Reports of dematiaceous hyphae found in association with MB have been described for decades, primarily by Borelli. The morphological aspect that the fungal structures acquire was called BS, and its finding was initially associated with the more pathogenic species of this mycosis.5–8 Subsequently, this finding was associated with the species that were more resistant to therapy, being indicative of low response to classic treatments, requiring associations, dose adjustments, or surgical approaches in many cases.1,6,7 These structures are evident in both direct mycological and histopathological examinations, as seen in the present case (Figs. 4 and 5).

Figure 4.

A – Histopathological analysis of chromoblastomycosis showing muriform bodies associated with dematiaceous hyphae, “Borelli spiders” (Fontana Masson, ×1000).

Figure 5.

Histopathological analysis of chromoblastomycosis. Dashed arrow: muriform bodies. Continuous arrow: dematiaceous hyphae (Grocott, ×400).


In studies on CBM immunology, it was observed that the fungi are able to regulate the host's inflammatory response, preventing the inflammatory process and contributing to the adaptation and opportunism process.9 MBs can alter the gene expression pattern of macrophages, resulting in the histopathological characteristics observed in CBM with granulomatous inflammatory infiltrates, sometimes suppurative and with the presence of micro-abscesses. The presence of hyphae and muriform cells in the tissues increases the levels of the inflammatory cytokines TNF-α (tumor necrosis factor-alpha), IL-1β (interleukin 1-beta), and IL-6 (interleukin-6), increasing disease duration and the pathogen persistence in the tissue.9 This uncontrolled and chronic immune response does not provide protection for the host against the fungus and ends up leading to the maintenance of the infection.9 However, studies that correlate the pathophysiology related to BS and its immune response are still lacking in the literature.

The understanding of these findings becomes of the utmost importance for the treatment of CBM, which is considered a challenge, especially in the most exuberant and severe clinical forms.2,3 The treatment of CBM is associated with low cure rates and high chances of recurrence.1–3 Long periods of therapy with antifungals are required, which can be associated with surgery, cryotherapy, thermotherapy, and immunotherapy.1,2,10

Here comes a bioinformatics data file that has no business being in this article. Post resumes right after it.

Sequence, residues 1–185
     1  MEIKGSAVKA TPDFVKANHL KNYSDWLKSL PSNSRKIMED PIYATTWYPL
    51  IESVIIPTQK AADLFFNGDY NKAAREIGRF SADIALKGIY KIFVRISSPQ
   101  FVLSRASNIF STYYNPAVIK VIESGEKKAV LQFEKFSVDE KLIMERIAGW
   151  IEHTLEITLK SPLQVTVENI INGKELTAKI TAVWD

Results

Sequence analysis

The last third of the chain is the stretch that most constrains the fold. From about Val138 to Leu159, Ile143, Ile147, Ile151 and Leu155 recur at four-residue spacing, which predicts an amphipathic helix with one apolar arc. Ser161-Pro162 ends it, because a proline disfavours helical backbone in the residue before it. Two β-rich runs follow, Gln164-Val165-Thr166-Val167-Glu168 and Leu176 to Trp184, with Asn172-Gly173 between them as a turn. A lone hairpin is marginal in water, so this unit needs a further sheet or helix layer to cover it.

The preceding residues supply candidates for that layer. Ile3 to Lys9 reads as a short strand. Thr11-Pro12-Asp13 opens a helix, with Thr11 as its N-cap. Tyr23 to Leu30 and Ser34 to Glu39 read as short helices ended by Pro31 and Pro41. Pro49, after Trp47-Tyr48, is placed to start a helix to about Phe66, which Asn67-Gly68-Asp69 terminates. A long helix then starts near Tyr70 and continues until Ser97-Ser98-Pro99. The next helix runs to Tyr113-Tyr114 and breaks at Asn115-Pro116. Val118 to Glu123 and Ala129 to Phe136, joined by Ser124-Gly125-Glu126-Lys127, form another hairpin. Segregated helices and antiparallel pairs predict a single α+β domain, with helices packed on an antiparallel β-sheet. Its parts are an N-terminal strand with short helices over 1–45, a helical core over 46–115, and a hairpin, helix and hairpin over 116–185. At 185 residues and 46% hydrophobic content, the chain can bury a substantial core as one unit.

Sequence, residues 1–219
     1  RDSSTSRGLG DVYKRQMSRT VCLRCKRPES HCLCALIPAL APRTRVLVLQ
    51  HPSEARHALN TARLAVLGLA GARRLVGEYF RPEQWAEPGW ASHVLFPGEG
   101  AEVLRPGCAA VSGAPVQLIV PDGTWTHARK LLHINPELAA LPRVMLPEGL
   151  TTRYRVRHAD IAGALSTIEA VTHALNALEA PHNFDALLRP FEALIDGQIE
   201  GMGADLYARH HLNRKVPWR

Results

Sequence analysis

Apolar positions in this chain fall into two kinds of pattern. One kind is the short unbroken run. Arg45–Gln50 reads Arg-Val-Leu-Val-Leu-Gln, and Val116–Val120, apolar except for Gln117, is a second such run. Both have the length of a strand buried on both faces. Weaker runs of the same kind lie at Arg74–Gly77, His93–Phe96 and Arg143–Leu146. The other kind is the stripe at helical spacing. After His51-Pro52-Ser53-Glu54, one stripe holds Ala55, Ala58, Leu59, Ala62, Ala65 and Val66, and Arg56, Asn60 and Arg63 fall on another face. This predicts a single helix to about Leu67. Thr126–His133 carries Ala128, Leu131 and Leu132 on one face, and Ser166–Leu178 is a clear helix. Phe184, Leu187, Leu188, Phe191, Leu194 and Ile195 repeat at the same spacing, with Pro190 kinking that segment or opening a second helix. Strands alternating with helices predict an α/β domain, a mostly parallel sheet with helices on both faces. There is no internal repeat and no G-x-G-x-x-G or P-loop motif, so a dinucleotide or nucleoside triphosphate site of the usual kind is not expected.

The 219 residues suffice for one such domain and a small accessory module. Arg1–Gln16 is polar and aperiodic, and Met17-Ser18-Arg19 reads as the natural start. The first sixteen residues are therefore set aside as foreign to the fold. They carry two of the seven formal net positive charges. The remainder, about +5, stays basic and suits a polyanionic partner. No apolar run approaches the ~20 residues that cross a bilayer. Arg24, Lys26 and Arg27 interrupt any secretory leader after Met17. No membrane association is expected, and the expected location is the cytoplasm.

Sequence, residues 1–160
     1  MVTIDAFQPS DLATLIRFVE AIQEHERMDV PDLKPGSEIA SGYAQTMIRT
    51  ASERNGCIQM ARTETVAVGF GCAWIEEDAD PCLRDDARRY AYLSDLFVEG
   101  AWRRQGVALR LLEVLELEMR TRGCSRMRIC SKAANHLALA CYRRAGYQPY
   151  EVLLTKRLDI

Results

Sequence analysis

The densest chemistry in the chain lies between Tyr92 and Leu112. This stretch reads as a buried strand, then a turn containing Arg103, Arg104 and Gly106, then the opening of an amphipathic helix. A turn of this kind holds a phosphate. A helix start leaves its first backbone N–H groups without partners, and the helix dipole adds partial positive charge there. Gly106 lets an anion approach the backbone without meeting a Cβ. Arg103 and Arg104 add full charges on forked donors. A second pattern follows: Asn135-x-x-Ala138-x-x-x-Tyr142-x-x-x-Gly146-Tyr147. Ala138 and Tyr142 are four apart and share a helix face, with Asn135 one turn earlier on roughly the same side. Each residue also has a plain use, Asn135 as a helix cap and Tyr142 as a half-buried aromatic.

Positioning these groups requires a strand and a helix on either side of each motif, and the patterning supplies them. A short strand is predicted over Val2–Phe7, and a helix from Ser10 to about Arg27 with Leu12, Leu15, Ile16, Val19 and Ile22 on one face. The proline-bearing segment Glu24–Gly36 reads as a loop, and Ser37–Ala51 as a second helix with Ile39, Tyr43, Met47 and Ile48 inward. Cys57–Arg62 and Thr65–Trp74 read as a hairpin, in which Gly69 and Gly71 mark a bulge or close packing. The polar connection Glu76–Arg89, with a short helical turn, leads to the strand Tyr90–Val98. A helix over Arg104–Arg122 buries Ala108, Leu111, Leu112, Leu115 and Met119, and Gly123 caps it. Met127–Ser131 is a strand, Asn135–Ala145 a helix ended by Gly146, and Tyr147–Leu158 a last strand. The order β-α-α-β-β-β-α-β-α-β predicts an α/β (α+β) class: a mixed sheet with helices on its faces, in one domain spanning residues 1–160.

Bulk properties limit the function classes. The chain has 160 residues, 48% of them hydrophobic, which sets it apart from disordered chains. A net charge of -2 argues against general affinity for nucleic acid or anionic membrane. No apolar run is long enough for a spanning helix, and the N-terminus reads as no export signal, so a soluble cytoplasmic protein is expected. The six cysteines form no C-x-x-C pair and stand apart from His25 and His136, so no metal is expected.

These data lead us to understand that the parasite/host binomial balance is affected by interference on both sides, which may favor the emergence of BS and would possibly act to make the disease chronic and hinder therapy. With the advancement of the use of immunomodulatory drugs, the possibility of finding these structures increases. Future studies on the clinical presentations and laboratory, and therapeutic expressions in these cases may help to better understand the disease and its management.

Financial support

None declared.

Authors’ contributions

Gustavo de Sá Menezes Carvalho: Drafting and editing of the manuscript; collection, analysis, and interpretation of data.

Karina Baruel de Camargo Votto Calbucci: Drafting and editing of the manuscript; collection, analysis, and interpretation of data.

Rute Facchini Lellis: Collection, analysis and interpretation of data; effective participation in research orientation; critical review of the literature; critical review of the manuscript.

John Verrinder Veasey: Approval of the final version of the manuscript; design and planning of the study; drafting and editing of the manuscript; collection, analysis and interpretation of data; effective participation in research orientation; critical review of the literature; critical review of the manuscript.

Conflicts of interest

None declared.

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How to cite this article: Carvalho GSM, Calbucci KBCV, Lellis RF, Veasey JV. Presence of hyphae in chromoblastomycosis examinations: an enigma to be solved. An Bras Dermatol. 2021;96:490–3.

Study conducted at the Santa Casa de Misericórdia, São Paulo, SP, Brazil.

Copyright © 2021. Sociedade Brasileira de Dermatologia